|EU diplomats are hoping to increase pressure on the Assad regime [Reuters]
The European Union has imposed sanctions on Bashar al-Assad, Syria's president, raising pressure on his government to end violence against protesters, EU diplomats said.
EU foreign ministers agreed on Monday to add several Syrian officials, including Assad, to a list people affected by EU travel restrictions and asset freezes.
Syrian security forces have used tanks, gunfire and mass arrests to crack down on flashpoints in a bid to crush a two-month-old revolt against four decades of rule by the Assad family.
"The repression in Syria continues," British foreign secretary William Hague said as he went into talks with his counterparts.
"It is important to see the right to peaceful protest, the release of political prisoners and taking the path of reform not repression in Syria over the coming days."
Leading officials sanctioned
The European sanctions against Syria included asset freezes, travel bans and an arms embargo.
"They (the EU) have actually come into line with the US now and included president Bashar al-Assad in their list of officials targeted by sanctions," Al Jazeera's Nadim Baba reported from Brussels.
Florence Looi reports in an Al Jazeera Exclusive on Syrians being tortured by security forces.
"This means he will now also face an asset freeze and a travel ban."
"It shows how seriously the European Union takes [Assad's] failure to accept the olive branch that they offered him," our correspondent added.
On the list of 13 targeted officials was the president's brother, Maher al-Assad, who commands Syria's Republican Guard and is the second most powerful man in Syria.
Ali Mamlouk, head of the General Intelligence Service, and Adulfattah Qudsiyeh, who runs military intelligence were also on the list.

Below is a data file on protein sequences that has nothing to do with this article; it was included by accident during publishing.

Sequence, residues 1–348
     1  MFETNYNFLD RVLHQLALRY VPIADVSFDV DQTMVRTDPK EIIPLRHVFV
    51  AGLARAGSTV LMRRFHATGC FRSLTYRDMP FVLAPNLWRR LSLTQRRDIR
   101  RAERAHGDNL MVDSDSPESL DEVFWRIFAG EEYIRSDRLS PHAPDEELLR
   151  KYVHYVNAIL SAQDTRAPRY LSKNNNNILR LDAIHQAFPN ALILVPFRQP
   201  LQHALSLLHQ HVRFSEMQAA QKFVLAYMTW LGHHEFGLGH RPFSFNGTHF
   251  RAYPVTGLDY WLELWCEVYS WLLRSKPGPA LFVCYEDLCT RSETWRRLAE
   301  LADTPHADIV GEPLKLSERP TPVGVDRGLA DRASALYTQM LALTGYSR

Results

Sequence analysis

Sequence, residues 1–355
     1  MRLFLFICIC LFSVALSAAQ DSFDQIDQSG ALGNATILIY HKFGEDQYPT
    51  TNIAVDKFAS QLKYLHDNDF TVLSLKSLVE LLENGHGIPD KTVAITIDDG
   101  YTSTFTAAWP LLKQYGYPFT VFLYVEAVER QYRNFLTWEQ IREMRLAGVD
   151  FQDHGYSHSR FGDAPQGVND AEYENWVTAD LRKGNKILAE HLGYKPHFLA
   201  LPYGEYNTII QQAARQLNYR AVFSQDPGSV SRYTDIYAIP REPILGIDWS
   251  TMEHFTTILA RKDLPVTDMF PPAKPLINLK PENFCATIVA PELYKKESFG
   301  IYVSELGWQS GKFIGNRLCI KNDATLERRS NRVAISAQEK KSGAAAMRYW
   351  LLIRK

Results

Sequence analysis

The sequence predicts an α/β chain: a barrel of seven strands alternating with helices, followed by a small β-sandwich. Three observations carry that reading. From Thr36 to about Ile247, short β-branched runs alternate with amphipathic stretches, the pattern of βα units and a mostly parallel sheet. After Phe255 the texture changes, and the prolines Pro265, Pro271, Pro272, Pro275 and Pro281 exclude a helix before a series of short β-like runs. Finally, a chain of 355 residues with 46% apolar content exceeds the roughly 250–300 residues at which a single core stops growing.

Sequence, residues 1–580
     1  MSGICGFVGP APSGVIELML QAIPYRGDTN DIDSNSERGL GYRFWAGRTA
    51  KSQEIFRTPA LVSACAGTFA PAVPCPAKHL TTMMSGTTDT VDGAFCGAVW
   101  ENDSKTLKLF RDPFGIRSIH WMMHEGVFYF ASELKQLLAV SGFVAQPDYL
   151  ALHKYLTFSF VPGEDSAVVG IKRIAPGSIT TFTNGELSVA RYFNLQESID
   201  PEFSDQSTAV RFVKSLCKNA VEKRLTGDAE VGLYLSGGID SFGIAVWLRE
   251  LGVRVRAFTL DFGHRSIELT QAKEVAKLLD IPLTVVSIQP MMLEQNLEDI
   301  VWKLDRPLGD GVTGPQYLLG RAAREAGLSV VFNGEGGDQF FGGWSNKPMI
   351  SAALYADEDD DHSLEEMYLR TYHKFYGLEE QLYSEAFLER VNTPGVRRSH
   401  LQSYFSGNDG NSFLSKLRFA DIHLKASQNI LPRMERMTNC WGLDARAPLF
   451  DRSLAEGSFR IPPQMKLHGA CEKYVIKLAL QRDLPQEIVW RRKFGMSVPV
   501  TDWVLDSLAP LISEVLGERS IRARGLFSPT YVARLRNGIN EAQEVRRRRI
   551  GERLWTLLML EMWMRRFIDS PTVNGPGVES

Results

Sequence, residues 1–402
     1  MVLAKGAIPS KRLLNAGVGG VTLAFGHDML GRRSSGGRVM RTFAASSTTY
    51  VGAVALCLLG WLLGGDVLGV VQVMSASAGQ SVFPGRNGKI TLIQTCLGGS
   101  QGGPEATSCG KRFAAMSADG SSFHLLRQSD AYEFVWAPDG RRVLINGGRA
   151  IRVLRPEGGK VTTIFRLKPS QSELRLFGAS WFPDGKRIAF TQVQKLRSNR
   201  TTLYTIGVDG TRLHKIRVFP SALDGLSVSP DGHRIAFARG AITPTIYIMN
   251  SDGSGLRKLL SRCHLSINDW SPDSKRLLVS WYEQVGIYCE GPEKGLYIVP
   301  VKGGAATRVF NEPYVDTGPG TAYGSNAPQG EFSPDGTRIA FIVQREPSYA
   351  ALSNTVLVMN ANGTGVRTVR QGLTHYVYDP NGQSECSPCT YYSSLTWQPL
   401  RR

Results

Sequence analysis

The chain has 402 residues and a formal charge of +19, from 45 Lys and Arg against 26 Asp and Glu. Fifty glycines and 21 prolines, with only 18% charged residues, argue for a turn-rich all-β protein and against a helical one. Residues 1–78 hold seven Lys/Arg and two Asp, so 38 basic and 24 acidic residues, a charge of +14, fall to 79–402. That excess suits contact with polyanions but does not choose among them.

"The aim of the sanctions is to stop the violence and press Assad to agree to a process of reform, but not to force him to step down," an EU diplomat said earlier of the new measures to be announced at the two-day talks.
Germany's foreign minister, Guido Westerwelle, said it was necessary to move against Syria's top leaders.
"If someone represses his own people like that, responds to peaceful demonstrations with force, this can't be left unanswered by the European Union," he said.
On Sunday, protesters defied a security crackdown, turning out in thousands in the city of Homs to attend the funerals of pro-democracy demonstrators and calling for Assad's removal.
Anti-government demonstrators also rallied in an eastern town after a 17-year-old activist, Mohammad Akram al-Tumah, immolated himself on Friday, echoing the self immolation of a Tunisian vegetable trader last year that sparked protests across the Arab world.
The Syrian Observatory for Human Rights, which is based in Britain, said it had the names of 863 civilians who had been killed in shootings by security forces since the pro-democracy uprising erupted 10 weeks ago.
Assad has largely dismissed the protests as part of a foreign-backed conspiracy to sow sectarian strife in Syria.
In April, the United States imposed sanctions on Syria's intelligence agency and two relatives of the president.
The sanctions included asset freezes and bans on US business dealings, building on broader US measures against Syria that were in place since 2004.